From Radium, Revelstoke is about three hours away. You’ll pass through Golden, a hiking and river sports mecca, and then travel over scenic Rogers Pass through Glacier National Park (the Canadian version) and Mount Revelstoke National Park. The hiking opportunities are vast in this historic region, and you can learn about Canada’s first transcontinental rail route at the Rogers Pass visitor center.
I love Revelstoke for a lot of reasons. It’s home to one of North America’s best ski areas, but it’s also a great summer location, with access to lakes and hiking.
It also has a great radio station called the Stoke FM 92.5, where I heard (of all things) punk rocker Jello Biafra playing one night from Williamson’s Lake Campground, a lovely spot just outside of town. It was a weird and wonderful surprise.
We missed Canyon Hot Springs, just up the road from Revelstoke, because it was still closed for the winter months, but that was OK. After all, you can’t soak in every hot springs on this route. Besides the commercial operations, there are dozens more in the backcountry.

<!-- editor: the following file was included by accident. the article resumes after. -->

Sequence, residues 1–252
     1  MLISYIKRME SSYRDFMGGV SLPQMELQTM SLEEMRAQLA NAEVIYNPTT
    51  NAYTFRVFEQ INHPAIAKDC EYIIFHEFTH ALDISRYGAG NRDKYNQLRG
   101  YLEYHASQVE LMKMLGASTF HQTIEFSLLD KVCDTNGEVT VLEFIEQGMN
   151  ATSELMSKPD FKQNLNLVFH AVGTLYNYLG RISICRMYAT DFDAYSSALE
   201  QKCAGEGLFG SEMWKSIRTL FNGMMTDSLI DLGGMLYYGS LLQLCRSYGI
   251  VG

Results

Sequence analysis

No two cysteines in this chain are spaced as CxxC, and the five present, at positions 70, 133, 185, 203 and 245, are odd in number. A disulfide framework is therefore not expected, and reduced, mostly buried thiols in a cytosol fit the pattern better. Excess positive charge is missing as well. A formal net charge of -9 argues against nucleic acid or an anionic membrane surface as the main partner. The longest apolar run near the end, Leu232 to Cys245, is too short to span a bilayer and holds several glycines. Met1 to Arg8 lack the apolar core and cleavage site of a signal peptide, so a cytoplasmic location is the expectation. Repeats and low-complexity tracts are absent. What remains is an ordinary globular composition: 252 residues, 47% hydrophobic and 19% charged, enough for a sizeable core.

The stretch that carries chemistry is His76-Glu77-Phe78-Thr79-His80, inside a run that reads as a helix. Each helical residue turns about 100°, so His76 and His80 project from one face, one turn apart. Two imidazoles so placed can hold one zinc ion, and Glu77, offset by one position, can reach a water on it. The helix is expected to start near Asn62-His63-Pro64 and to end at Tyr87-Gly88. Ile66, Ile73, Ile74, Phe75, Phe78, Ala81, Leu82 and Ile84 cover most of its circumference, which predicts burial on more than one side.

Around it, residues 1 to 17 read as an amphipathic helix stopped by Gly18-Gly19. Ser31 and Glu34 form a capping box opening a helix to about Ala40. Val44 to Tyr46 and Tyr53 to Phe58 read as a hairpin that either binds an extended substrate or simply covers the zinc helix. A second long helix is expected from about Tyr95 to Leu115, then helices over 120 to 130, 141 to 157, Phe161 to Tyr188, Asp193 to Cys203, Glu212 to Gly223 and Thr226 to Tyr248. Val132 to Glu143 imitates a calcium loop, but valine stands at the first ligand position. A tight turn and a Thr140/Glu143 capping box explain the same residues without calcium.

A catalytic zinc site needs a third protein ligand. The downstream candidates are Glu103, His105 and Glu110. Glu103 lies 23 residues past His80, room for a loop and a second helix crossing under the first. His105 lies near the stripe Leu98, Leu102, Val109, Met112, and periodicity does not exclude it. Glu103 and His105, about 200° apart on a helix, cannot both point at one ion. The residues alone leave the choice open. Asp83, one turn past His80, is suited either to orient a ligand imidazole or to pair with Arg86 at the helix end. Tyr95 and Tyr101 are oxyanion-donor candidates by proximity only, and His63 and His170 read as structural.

Next on the hot springs hit list is Halcyon, about 1.5 hours south of Revelstoke. Again, you get to take a free ferry, this one across scenic Upper Arrow Lake.
Halcyon Hot Springs Resort is another full-service place in a beautiful setting, with excellent dining and lodging options. The pools look down at Arrow Lake and up at the nearby Monashee Mountains, and with no towns nearby, it feels like your own private pool.
We camped 40 minutes down the road at another watering hole, Nakusp Hot Springs, yet another beautiful and remote place to soak. The road to the hot springs travels 13 km off BC Highway 6 high into the mountains, and the camping spots here are well-kept and scenic.
From Nakusp, your tour of the Hot Springs Circle Loop is over, but the scenic driving continues. BC-6 takes you through the historic mining towns of New Denver and Silverton along beautiful Lake Slocan back to Nelson.
John Nelson is a freelance writer based in Seattle. Read his blog at OurGrandTour.net.